# Why do bell curves appear everywhere?

Why do most probability graphs show a bell curve? I’ve been wondering why… Is it just something natural, like the fibonacci sequence?

Why do most probability graphs show a bell curve?

As you suspect, there is a natural tendency for distributions to be bell-shaped.

There are some distributions that are not bell-shaped at all. For example, the outcome of a roll of one fair die is a discrete uniform distribution: By IkamusumeFan – Own work

This drawing was created with LibreOffice Draw, CC BY-SA 3.0, Link

The roll of one die is a pretty simple process. What about the sum of two dice? The Wizard of Odds illustrates: Starting to look a little like a bell, right? What about the totals of three, or four dice? Wolfram MathWorld provides a nice illustration: You can see where this is headed. Nature is full of complex processes. How tall are you? Well, it depends on genetics, nutrition, exercise, injuries, bone loss, and so many more things. The central limit theorem shows (see symplectomorphic’s comment below) that when adding the sum of a large number of things together, the resulting distribution is not just any bell-looking curve, but specifically the normal distribution. Or for things with multiplicative combination, the log-normal distribution.

Why does this happen? mathreadler’s answer hints it has to do with convolving distributions. The probability density function of a single die is a rectangular function (technically discrete, but let’s pretend it’s continuous). The sum of two rolls together is then the convolution of two rectangular functions.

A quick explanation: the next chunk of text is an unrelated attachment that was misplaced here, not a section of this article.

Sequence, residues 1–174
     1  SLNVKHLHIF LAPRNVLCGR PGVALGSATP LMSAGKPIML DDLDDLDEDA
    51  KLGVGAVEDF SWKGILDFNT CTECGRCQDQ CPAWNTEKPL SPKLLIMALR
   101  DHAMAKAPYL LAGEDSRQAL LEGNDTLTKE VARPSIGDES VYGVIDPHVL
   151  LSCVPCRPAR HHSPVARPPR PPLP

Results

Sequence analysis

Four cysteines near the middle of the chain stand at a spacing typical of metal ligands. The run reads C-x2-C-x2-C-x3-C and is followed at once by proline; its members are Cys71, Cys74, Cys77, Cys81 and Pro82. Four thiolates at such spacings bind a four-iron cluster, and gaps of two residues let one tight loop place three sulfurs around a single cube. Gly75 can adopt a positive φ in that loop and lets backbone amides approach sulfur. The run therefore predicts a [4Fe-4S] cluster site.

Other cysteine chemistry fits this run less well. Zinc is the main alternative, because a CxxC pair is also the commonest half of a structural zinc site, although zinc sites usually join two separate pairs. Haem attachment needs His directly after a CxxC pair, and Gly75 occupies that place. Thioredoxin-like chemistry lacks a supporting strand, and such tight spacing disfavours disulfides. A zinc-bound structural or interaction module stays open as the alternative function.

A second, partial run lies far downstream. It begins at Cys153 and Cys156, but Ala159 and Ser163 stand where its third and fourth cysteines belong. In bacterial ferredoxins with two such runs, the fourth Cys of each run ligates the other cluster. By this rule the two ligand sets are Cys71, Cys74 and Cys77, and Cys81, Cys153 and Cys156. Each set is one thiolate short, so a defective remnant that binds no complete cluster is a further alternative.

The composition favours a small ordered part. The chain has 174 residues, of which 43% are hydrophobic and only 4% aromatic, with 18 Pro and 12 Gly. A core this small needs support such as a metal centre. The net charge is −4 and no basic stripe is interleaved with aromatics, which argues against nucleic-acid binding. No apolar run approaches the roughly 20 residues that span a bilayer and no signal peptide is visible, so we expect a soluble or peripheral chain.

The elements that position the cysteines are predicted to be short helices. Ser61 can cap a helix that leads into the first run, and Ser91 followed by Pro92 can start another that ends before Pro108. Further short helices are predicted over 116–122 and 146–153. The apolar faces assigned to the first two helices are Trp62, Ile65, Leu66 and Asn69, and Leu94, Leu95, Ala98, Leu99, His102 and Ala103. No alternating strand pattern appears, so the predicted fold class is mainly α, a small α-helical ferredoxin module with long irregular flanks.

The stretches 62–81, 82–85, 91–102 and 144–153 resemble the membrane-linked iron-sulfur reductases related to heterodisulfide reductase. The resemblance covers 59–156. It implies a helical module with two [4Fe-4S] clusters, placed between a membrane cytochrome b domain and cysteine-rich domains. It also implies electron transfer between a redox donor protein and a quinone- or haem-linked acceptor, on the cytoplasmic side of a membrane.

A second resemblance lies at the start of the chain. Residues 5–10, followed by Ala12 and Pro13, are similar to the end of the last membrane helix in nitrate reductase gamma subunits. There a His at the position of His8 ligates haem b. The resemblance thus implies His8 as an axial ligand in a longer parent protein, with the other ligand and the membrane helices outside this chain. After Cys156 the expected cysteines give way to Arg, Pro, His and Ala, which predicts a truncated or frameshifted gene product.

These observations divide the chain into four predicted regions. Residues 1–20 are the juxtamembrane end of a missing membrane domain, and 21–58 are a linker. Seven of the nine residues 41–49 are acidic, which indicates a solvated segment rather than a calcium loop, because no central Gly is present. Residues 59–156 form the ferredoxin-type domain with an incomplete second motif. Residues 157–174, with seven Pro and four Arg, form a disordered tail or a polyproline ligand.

Notice how the result (the black triangle) looks like the case of two dice above. If then convolve this triangle with another rectangle, you get three dice. The more times you do this, the closer the result gets to a normal distribution.

The probability density function of the normal distribution is a Gaussian function, which have some elegant properties:

• A Gaussian convolved with a Gaussian is another Gaussian.
• The product of two Gaussians is a Gaussian.
• The Fourier transform of a Gaussian is a Gaussian.

From this you might intuitively see as things converge towards normal distributions, they “want” to stay as normal distributions since their “Gaussianess” is preserved under many operations.

Of course not everything is so simple as a single die roll, nor as complex as the determination of the height of a human. So there are a large number of distributions that look like a bell, but on careful examination aren’t the normal distribution. Some of them exist in nature, and some find application as mathematical tools for some purpose. Looking through Wikipedia’s list of probability distributions you can see bell-like shapes are quite common, even if they aren’t exactly the normal distribution.

But if you combine these two things:

• The central limit theorem means the normal distribution is common, and
• many distributions look like bells but aren’t the normal distribution,

you might conclude most probability graphs show a bell curve.